|Regarding the previous Bianchi debate . . . . .||funhoggin-gal|
May 26, 2003 8:57 AM
|. . . I am surprised to be letting go of my Bianchi obsession, but I am in agreement with atpjunkie (and several others) at this point - I think a person who wants to use a cross bike for commuting, paved and unpaved joy riding, AND light touring should probably avoid aluminum as well as the more race-ready setups and geometries. I would probably love the Axis offroad and even on the commute to work, but I cannot picture screaming down a mountain road (paved or otherwise) loaded with panniers (no matter how light) on an aluminum bike with a head angle of 73. Maybe I'm just a whimpy girl-person, but I just wouldn't feel very stable. And, I really could feel right away (like the princess and the pea? - just kidding!) that steel would be way more comfortable over the long haul.
So it is that I am looking exclusively at steel and titanium, and a geometry not offered by Bianchi. (basically, I think anything with a head angle greater than 72 is out). Perhaps in a few years when I have some more cash on hand, I'll buy a separate bike for every use, and once-and-for-all I will satisfy my 20-year Bianchi desire . . .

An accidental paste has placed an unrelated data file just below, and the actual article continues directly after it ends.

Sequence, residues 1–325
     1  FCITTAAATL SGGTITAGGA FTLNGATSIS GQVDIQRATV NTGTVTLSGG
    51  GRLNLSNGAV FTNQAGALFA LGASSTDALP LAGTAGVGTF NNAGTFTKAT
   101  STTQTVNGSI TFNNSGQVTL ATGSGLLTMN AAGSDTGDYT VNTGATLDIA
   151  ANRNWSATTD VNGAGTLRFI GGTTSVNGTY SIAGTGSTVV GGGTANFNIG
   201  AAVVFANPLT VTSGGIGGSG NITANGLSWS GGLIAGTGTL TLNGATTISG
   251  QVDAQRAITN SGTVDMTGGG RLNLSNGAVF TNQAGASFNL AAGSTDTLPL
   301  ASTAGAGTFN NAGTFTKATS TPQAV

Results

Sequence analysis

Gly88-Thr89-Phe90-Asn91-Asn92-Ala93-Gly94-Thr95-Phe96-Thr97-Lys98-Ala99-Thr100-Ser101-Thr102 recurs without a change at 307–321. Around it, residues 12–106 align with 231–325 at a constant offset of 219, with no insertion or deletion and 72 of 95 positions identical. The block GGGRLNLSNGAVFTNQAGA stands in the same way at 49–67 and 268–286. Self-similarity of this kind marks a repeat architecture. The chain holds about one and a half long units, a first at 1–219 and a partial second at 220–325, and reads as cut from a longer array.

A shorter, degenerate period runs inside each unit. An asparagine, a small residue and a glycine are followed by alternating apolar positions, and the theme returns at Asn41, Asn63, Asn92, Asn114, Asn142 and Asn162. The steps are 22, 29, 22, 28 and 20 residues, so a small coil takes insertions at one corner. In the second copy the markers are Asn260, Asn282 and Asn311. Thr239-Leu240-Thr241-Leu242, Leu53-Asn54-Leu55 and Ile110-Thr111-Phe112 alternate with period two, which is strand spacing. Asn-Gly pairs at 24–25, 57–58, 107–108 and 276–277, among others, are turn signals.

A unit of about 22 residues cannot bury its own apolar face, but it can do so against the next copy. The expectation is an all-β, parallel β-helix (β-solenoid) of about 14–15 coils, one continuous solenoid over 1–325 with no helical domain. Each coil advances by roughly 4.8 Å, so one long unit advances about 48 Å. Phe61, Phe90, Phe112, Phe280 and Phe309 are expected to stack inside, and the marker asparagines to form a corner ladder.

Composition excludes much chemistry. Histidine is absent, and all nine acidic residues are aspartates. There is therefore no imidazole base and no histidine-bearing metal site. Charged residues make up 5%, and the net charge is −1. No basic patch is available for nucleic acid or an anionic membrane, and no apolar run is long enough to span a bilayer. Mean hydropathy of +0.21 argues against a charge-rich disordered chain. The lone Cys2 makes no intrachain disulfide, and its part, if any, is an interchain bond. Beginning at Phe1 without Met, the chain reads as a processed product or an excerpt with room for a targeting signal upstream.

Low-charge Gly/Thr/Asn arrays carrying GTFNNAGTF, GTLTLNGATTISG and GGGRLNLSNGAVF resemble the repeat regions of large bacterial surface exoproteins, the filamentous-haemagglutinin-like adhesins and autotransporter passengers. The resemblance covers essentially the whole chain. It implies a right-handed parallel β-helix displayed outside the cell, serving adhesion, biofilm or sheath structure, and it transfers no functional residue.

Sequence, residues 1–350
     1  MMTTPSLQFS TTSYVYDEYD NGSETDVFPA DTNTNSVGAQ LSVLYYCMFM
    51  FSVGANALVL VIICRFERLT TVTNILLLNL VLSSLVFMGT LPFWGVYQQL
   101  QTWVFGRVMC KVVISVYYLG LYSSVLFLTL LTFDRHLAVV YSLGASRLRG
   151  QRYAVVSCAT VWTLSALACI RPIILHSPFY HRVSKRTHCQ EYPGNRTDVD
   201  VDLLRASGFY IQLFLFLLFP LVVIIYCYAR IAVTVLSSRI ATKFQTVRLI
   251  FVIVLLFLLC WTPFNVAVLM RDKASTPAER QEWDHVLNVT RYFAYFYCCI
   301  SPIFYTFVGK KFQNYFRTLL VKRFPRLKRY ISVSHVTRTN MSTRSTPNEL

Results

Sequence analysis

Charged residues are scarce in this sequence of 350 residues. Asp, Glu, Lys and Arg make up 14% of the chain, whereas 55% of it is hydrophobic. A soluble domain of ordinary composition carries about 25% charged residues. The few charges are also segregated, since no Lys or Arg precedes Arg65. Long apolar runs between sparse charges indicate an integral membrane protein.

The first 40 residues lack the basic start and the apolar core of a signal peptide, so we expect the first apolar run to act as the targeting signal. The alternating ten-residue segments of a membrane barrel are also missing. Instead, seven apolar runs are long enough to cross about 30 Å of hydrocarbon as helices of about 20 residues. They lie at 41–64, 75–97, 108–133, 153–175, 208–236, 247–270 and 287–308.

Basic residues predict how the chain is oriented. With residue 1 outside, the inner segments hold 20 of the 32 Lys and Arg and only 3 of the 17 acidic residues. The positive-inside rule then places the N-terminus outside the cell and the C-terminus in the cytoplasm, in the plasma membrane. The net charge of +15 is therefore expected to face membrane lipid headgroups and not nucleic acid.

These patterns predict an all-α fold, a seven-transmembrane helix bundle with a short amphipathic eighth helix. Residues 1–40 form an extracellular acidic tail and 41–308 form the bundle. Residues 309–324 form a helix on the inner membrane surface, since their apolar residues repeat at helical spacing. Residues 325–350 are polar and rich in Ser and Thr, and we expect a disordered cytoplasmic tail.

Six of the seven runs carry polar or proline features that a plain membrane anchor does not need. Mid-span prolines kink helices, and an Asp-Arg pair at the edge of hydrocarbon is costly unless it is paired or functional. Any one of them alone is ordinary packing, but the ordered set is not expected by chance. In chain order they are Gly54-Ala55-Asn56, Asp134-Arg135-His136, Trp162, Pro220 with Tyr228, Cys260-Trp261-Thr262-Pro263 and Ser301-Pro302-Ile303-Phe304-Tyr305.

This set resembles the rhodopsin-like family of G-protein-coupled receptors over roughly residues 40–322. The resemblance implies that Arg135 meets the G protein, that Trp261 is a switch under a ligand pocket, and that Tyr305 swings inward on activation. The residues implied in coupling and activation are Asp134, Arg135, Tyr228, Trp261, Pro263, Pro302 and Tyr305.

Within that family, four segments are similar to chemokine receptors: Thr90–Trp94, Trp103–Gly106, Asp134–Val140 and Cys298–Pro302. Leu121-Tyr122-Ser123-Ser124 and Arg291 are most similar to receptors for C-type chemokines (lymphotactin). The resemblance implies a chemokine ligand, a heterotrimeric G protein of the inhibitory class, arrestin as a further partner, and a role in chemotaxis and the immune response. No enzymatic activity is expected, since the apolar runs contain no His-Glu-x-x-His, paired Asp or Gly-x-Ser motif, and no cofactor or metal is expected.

|I'm coming in late here and have not read....||TFerguson|
May 26, 2003 4:36 PM
|all of the previous threads. I apologize if I'm being redundant.
I own a Bianchi Volpe. It's categorized as a light touring bike that I have found to be an excellent steel, all-around bike. I've used it for everything from light CX, to Centuries, to loaded with trunk bag and small panniers on the rear. It has plenty of tire clearance and is set for canti/linear pull brakes. If I were looking for what you suggested above, I would look for a Volpe frame in Celeste (not common in the US but a true Bianchi has to be Celeste) and build it up with whatever parts package you find acceptable (I'm betting Campy).
Also, if you ever get tired of that, the horizontal dropouts allow an easy conversion to single speed or track. Mine is now used at the Velodrome until I can afford to build up my new Bianchi track frame. A very versatile, smooth riding frame.